Monday, February 11, 2008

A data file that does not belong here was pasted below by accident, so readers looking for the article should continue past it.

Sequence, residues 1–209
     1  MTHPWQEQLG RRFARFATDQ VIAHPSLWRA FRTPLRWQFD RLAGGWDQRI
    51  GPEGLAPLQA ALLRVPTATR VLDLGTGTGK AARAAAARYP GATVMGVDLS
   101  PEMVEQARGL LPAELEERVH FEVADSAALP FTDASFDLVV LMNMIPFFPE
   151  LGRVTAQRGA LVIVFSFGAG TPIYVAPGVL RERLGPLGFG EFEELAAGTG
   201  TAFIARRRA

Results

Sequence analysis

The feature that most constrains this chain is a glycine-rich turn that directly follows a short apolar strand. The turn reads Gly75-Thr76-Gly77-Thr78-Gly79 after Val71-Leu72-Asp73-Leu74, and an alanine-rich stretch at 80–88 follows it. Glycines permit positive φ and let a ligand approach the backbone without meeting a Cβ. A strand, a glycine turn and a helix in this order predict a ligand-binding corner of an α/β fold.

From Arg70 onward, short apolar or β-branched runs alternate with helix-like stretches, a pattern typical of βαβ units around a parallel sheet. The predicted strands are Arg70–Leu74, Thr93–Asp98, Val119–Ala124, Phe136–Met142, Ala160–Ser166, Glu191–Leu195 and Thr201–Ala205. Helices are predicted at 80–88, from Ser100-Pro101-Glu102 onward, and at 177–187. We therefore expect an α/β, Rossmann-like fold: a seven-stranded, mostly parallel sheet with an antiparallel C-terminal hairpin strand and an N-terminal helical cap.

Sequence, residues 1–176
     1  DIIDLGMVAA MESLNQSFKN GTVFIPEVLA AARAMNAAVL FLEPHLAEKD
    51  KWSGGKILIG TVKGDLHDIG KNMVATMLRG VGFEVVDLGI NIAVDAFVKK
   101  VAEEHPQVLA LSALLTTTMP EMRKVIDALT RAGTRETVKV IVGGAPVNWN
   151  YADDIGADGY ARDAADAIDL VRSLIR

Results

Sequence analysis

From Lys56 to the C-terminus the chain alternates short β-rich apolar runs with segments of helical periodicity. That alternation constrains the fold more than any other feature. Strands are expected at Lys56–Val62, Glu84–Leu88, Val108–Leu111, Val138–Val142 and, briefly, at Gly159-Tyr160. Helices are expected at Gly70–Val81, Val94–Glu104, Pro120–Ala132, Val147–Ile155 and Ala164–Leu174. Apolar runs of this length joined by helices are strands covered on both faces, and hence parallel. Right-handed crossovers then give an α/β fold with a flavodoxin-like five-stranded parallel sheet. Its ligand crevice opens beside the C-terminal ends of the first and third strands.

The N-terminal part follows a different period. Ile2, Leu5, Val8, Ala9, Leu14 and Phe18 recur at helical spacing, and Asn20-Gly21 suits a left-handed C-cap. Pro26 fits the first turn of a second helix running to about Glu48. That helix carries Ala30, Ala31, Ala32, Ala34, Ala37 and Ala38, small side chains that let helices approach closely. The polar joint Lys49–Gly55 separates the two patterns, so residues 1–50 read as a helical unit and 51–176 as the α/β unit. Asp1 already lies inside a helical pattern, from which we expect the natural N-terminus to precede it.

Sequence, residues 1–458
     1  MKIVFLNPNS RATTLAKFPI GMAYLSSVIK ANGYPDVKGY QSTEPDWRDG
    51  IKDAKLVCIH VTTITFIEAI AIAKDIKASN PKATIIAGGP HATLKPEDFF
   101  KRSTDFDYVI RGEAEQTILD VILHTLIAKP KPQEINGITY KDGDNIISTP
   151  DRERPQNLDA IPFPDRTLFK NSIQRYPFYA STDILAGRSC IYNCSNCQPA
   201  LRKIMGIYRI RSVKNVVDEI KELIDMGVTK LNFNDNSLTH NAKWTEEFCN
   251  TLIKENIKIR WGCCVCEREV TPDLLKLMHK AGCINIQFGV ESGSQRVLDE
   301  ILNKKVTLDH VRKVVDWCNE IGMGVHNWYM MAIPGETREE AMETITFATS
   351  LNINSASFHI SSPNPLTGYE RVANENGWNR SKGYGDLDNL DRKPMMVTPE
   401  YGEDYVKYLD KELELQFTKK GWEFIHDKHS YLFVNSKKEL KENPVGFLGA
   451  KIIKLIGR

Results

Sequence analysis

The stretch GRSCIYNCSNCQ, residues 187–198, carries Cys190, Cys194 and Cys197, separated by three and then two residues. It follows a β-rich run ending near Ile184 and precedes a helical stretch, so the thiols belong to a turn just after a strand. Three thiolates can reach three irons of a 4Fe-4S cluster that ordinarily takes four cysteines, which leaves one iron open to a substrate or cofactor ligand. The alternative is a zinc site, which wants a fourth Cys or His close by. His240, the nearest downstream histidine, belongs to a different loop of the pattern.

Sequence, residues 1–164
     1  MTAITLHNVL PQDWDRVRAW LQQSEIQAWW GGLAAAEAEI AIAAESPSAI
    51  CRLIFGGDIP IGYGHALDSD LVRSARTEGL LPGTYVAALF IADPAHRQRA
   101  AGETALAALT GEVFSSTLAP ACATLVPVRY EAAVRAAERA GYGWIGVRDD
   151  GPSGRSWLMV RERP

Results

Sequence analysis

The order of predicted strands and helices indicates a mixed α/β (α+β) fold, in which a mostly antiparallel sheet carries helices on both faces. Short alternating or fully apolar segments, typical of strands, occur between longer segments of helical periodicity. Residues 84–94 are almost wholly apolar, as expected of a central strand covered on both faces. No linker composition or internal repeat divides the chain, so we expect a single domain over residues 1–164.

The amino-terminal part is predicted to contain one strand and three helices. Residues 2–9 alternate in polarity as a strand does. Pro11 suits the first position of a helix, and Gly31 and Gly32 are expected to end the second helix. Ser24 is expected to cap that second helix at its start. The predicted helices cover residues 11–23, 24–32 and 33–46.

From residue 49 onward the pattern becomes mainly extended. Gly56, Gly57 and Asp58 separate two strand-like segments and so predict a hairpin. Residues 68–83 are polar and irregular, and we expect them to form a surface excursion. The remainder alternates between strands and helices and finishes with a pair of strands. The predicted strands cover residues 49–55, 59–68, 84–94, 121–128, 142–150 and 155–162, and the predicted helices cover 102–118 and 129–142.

ARTe MEDIA: an Interview. What is your background? Performance art, publishing, gay activism. When do you create? I have a two-room studio in my home and I try to be fairly regimented about work – which usually involves puttering around every day. Probably like all artists, I’m a master procrastinator – and thinking about the work takes more time than actually making it. Who inspires your work? Not who as much as what. As a cultural voyeur, I can cherry-pick at will from mutually exclusive sources – the morning headlines, the official record of 20th century avant-garde art, the signs and signifiers of the gay male underground – affording me the chance to explore the spaces between these charged relationships. I’m constantly trying to get a handle on the zeitgeist, to understand my place in a world that is rapidly descending into madness. What is art? While it is virtually indefinable, this much I know for certain: art is not suitable for family viewing, nor should it be emotionally uplifting. Nothing should be considered untouchable. Art must refuse to kowtow to the limitless demands for the familiar and the safe and the conventional. Art has nothing to do with social work or political stability or with the ending of negative stereotypes: these are the jobs for propagandists. It’s a dangerous world out there and if art is expected to hold a mirror up to the society in which it was created, do we really need any more decorators? Much of my work at this point falls within the category of "new media" – a form which is only now beginning to be defined. "New Media", in my mind, is the logical extension of Marcel Duchamp’s innovative removal of physical labour from the art-making process. By using various communications tools – the internet, e-mail, photoshop, power-point -- this process has allowed artists to alter the means of production and distribution by displacing the notion of geographical boundaries and limitations, and calls into question the concept and value of unique, privately-owned "works of art". In many ways this electronic means of production was tumbled upon by accident, as it was the only (affordable) tool available to realize ideas that involved altered photographs and projects that were more and more "cinematic" in nature. Have you ever exposed in Italy? Many years ago I was involved with a series of collaborative site-specific performance art pieces that were created in Europe. In Italy, works were created at the Palazzo Diamante in Ferrara and at the Museo di Arte Moderna in Bologna (with Arturo Schwartz). Aside from that, I have not had gallery exposure (although it would be certainly welcome!) How do you image your work in a city-space? I see my work as an insinuation rather than as an intervention. Tell me more about your work. I’ve always been known for my cheekiness. Influenced by many of the theoretical issues raised by performance and conceptual art, I eagerly accept the role of cultural provocateur. Working against the backdrop of an increasingly Disneyfied monoculture dominated by trivia and gossip and a global visual art practice that is all too often a self-contained tautology, my body of work is often described (and sometimes dismissed) as merely "political". But it is not political in the traditional sense. From the earliest point in my career as an artist, I have delved into the question of the "gay sensibility". But rather than taking the standard trip down memory lane into the suck-and-fuck paradigm, I’ve positioning myself as an ironic spectator. As the chief curator throughout the 1980s with the International Gay History Archive – then the largest collection in private hands of archival materials and ephemera in North America -- I was impacted directly in my understanding of the broader context of our political, social, and cultural lives. This provided me with a wealth of raw information that fed directly into my art practice. This collection, with materials dating from the 1890s, is now in the Rare Books and Manuscripts collection of the New York Public Library. By adopting a post-gay stance – in which the homosexuality that once segregated us into the otherness of ghetto-life is now, not unlike blondness, infusing the culture to such a profound degree that it has become invisible. Herein lies the challenge. It goes without saying that, as a contested site, the male body continues to be a provocation. This is old news, yet ironically, a critique of manufactured masculinity has gone largely unexplored. The proposition explored in much of my work is that it is possible to be simultaneously hot and sweaty and critical and detached. It is desirable – even exhilarating – to question the givens of our cultural baggage while at the same time wallowing in them. If there is any theme that unites my body of work (regardless of the form it adopts), it is that it concentrates on the representative gestures of maleness, their signifiers, and their remains.

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